The microphone on the Kinera YH802 is nice and clear but could be a bit louder. It works great for calls and online conferencing.

Video and gaming performance is good. There are no sync issues when watching videos on YouTube. The gaming performance is excellent with hardly any latency whatsoever, even when playing fast-paced shooters.

Active Noise Cancellation

The Active Noise Cancellation (ANC) function works quite well. It does a good job of blocking out the noise of the air conditioner and computer in my room. I found the transparency mode less convincing but it works to some degree so long as there’s no music playing.

Kinera YH802 shells top-down


With such stunning artwork on the shells, one would hope that the YH802 has an audio quality to match. Well, I can say with certainty that these earphones have a colourful sound but the tuning leaves a lot to be desired.

There are some positives though and we’ll start with those. First of all, the soundstage dimensions are good, as is the spacing between instruments on less complex recordings.

The overall tonality is V-shaped with slightly lifted bass, a warm albeit recessed midrange and treble with the juxtaposed effect of being laid-back and splashy at the same time. The bass is fairly textured and reasonably fast. It’s a bit lacking in impact, even on songs like Polynation’s “Hanging D” where I expect to hear the thumping kick drum.

Kinera YH802 shells

The lower midrange is boomy because of the bloated core vocal range. This provides rich, saturated male vocals but causes congestion on busier tracks. Adversely, female vocals are laid-back and lack energy. The midrange lacks clarity too – a result of the bloated lower midrange and subdued upper treble.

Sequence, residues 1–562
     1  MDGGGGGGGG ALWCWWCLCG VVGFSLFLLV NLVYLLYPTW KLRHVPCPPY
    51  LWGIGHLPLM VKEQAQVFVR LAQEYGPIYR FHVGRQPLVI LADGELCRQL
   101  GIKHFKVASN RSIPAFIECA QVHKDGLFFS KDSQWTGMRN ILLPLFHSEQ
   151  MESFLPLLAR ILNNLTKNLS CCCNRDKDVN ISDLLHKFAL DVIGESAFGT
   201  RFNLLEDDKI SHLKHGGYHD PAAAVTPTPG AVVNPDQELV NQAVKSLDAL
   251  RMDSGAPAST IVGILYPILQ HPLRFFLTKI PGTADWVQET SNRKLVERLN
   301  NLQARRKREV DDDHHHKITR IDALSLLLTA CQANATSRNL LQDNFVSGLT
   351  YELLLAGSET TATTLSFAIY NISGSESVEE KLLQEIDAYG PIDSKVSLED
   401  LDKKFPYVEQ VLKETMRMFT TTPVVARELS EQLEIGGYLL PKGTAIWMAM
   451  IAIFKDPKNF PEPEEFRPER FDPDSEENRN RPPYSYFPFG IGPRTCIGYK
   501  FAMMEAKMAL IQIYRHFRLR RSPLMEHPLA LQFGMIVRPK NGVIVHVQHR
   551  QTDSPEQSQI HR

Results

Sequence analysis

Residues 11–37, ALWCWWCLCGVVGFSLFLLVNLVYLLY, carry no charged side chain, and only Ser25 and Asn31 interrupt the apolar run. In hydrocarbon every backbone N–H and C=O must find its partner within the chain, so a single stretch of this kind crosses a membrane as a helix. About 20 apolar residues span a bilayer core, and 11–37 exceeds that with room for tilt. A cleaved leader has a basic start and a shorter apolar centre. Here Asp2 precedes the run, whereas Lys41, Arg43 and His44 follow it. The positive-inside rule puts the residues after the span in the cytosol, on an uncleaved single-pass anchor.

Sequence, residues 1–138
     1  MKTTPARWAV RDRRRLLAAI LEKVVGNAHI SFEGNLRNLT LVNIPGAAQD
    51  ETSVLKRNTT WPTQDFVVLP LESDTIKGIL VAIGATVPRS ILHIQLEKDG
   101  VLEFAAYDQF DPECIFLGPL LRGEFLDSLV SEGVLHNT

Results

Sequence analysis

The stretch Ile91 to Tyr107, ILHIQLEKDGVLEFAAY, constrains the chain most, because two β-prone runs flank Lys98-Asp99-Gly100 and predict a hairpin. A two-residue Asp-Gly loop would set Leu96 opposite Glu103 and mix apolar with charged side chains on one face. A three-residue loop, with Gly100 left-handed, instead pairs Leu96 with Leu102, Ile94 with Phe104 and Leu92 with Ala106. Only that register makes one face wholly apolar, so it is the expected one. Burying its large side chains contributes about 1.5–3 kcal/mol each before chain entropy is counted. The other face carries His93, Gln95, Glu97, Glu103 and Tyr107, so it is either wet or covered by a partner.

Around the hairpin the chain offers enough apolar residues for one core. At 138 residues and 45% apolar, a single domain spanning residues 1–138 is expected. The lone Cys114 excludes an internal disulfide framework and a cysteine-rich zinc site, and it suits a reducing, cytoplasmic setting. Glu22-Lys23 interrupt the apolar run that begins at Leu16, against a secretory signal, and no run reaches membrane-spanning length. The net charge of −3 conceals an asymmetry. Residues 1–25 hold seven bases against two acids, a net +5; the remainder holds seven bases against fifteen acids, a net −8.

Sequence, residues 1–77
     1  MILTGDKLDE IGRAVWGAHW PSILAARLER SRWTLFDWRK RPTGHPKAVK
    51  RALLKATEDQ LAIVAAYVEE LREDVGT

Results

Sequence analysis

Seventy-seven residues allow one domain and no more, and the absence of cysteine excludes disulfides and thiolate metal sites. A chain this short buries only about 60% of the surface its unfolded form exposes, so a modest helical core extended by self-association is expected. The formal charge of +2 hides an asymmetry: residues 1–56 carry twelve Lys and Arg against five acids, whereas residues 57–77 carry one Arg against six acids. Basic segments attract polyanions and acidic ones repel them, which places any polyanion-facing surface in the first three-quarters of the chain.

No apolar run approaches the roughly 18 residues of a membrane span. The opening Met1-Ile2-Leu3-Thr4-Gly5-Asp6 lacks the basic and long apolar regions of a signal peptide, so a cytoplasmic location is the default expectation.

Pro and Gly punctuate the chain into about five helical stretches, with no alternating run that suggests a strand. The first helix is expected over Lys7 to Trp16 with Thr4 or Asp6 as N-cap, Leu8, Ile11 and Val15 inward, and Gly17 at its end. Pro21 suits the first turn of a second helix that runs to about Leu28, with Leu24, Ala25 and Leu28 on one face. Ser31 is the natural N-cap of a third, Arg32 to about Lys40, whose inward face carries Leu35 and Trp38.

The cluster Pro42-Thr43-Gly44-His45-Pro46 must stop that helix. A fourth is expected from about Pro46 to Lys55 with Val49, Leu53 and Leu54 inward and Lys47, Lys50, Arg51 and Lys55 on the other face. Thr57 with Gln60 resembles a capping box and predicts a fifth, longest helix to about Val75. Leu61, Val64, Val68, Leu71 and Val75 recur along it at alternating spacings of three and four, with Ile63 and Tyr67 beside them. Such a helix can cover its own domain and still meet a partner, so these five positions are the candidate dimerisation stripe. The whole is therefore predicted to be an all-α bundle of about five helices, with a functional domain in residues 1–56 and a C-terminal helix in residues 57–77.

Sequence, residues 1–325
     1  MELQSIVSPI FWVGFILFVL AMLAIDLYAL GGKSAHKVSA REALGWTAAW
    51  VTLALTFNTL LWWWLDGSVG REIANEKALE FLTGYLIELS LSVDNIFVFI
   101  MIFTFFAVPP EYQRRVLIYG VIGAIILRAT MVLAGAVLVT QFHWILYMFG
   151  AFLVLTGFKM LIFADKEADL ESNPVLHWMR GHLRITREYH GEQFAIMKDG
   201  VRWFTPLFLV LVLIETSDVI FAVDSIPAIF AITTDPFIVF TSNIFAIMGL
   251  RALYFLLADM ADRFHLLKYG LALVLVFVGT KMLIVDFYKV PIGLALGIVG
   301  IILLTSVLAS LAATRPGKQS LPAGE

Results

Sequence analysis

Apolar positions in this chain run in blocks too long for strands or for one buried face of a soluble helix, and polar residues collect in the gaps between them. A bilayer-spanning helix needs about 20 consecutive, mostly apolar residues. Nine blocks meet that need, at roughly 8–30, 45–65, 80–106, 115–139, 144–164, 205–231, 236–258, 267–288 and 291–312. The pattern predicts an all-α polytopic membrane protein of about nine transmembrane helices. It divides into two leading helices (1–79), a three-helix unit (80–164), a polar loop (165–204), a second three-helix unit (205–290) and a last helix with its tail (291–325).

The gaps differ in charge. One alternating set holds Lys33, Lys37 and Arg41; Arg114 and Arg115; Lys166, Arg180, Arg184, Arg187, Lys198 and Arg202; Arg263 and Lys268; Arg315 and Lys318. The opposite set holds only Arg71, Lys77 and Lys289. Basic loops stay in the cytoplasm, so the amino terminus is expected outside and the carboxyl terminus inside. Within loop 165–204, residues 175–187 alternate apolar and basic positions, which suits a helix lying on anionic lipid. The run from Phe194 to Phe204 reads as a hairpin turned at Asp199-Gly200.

YH802 has a slightly lifted lower treble that peaks at 8kHz before falling off dramatically and then peaks again in the upper midrange. This results in a mixture of smooth treble notes and thin, artificial ones. The overall treble timbre doesn’t sound quite right and has an artificial tone to it. Because of this treble tuning, the midrange lacks clarity and the overall detail retrieval is below average.

Kinera YH802 hand-painted faceplate


The Kinera YH802 is one of the most visually appealing TWS earphones that I’ve seen. Kinera’s team of artists have done an amazing job with the hand-painted shells. The fit is good and the touch controls are a pleasure to use. Furthermore, the microphone delivers excellent clear voice quality for calls.

Sadly the audio quality doesn’t come close to the premium aesthetic of the earphones. The tuning and resulting tonality are not on the same level as similarly priced or even cheaper TWS earbuds. If you want the best looking TWS this is probably it but if you want great sound you’ll need to look elsewhere.

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Founder of Prime Audio
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11 months ago

Man this is a bummer. Kinera is a proper IEM maker with some seriously heavy hitters in its lineup. To see them nail most all of the TWS features including the ANC, case design, and touch controls, but then fail on the one thing they should have CRUSHED, going with a single dynamic instead of something like a 1dd+2BA or DD+EST or the like, and then failing on the tuning… that’s just so disappointing.

As it is, the only TWS that give me an appropriate IEM sounding experience are the 1more evo.